Estate Planning: Michael Jackson's Burial And Janet Jackson


Controversy continues for Michael Jackson even a couple of years after his death.

There were reports that singer and actress Janet Jackson held up the burial of her brother Michael until she was reimbursed for the amount she gave as a security deposit for a cemetery plot. These reports were made public as excerpts of a book detailing the death of Mr. Jackson. Janet Jackson has denied these reports, and claims that they are untrue. Jackson was buried in Forest Lawn Memorial Park in California on Sept. 3, 2009, more than two months after his death. There was a delay in his burial, but the facts as to the cause of the delay are still in dispute. There should be no need for controversy such as this to even exist. Although the exact finances of Michael Jackson's estate may be in question, it is estimated that he earned over a billion dollars in his lifetime and owned many profitable assets such as the publishing rights to song of the Beatles.

A proper estate plan would have prevented the opportunity for a controversy over funeral expenses to even exist. While Mr. Jackson's death was sudden and unexpected there are steps that can be put into place to prepare for any unexpected occurrences. A proper funeral plan could pay in advance and spell out specific directions as to where the money to provide final expenses will come from. If there is no question as to the source of funds for final expenses then there will not be any difficulties in proceeding with the arrangements and more importantly there will be no potential family conflict or disagreement. When other family members get involved in planning and paying for a final expenses then they may feel they have more of a right to control the proceedings than a personal representative or executor if they are not the same person. Other family members may get upset with this person that may exert more control with the purse strings especially if it delays the proceedings or goes against the deceased final wishes or what other family members think were the final wishes of the deceased.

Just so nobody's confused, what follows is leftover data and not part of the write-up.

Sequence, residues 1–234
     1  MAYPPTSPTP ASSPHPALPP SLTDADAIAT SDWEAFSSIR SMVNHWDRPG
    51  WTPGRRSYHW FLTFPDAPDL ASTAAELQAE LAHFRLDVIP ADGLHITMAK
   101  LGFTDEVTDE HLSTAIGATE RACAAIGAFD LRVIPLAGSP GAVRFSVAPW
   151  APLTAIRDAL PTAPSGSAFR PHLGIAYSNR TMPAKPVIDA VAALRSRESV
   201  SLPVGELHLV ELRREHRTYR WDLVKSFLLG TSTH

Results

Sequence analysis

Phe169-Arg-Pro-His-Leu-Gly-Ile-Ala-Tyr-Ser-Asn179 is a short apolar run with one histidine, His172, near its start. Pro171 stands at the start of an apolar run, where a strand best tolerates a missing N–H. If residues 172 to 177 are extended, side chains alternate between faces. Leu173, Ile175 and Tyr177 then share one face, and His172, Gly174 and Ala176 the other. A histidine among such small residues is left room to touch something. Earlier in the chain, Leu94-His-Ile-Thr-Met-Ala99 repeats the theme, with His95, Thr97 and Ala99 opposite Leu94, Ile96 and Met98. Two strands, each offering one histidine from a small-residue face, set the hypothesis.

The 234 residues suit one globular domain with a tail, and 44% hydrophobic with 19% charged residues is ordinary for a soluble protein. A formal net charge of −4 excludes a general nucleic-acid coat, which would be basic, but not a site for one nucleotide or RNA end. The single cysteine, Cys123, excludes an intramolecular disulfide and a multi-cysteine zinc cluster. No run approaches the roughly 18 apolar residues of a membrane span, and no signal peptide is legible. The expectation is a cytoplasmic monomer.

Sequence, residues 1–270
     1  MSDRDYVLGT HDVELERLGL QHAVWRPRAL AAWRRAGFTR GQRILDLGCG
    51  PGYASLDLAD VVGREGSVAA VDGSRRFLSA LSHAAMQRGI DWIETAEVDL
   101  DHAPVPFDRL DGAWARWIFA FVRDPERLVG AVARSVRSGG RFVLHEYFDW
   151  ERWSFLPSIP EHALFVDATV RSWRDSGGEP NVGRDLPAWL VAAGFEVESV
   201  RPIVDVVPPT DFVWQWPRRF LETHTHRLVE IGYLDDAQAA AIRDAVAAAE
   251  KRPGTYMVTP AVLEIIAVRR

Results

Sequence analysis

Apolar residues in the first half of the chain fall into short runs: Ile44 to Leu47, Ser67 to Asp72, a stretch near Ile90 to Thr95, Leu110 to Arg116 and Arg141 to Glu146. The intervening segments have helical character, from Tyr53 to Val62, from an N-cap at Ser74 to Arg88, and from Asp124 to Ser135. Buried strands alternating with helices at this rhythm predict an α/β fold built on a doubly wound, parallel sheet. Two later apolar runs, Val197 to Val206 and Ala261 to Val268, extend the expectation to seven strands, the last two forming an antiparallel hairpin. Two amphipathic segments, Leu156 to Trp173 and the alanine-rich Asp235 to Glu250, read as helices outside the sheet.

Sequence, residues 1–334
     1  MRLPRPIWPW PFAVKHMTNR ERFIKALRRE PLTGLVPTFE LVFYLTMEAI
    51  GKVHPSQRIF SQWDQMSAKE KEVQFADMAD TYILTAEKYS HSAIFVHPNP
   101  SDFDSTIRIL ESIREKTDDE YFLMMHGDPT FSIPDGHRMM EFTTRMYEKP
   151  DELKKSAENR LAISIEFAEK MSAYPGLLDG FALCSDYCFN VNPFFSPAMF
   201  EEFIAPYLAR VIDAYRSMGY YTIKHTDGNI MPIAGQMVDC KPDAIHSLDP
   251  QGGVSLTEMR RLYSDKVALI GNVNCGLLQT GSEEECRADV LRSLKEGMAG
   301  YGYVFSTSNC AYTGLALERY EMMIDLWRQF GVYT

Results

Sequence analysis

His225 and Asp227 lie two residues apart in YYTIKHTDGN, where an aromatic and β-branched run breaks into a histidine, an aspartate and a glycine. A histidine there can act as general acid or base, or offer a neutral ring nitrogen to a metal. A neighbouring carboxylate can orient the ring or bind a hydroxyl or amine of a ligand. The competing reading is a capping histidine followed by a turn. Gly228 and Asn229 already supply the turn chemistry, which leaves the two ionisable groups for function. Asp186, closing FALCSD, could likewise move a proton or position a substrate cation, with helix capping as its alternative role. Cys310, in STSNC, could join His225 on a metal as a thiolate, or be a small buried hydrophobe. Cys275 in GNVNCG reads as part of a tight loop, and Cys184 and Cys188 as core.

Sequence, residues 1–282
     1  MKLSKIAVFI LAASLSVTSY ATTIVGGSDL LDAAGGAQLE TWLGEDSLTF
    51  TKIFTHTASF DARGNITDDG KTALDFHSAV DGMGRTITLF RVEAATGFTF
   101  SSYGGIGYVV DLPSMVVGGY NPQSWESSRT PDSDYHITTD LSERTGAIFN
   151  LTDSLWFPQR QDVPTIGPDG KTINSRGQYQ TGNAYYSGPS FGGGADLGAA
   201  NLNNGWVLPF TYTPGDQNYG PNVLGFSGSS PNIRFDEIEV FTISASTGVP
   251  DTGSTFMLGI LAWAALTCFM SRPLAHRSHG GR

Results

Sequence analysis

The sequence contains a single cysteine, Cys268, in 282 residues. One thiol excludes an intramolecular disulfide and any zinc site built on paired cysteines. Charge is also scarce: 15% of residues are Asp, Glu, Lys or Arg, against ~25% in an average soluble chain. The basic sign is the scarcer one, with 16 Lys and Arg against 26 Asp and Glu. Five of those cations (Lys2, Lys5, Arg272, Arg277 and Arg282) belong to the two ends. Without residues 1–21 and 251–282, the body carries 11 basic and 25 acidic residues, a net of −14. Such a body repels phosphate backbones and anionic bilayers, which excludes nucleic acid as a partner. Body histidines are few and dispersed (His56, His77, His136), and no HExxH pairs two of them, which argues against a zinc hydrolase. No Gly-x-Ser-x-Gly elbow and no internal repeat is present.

A written record of funeral or burial instructions can be a helpful part of an estate plan and remove potential conflict. A will or living trust that explains where final expenses can be paid from or how to reimburse the expenses of family members can also be helpful.

Evan Guthrie Law Firm is licensed to practice law throughout the state of South Carolina. The Evan Guthrie Law Firm practices in the areas of estate planning probate personal injury and divorce and family law. For further information visit his website at Evan Guthrie Law Firm 164 Market Street Suite 362 Charleston SC 29401 843-926-3813

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DISCLAIMER: Because of the generality of this update, the information provided herein may not be applicable in all situations and should not be acted upon without specific legal advice based on particular situations.

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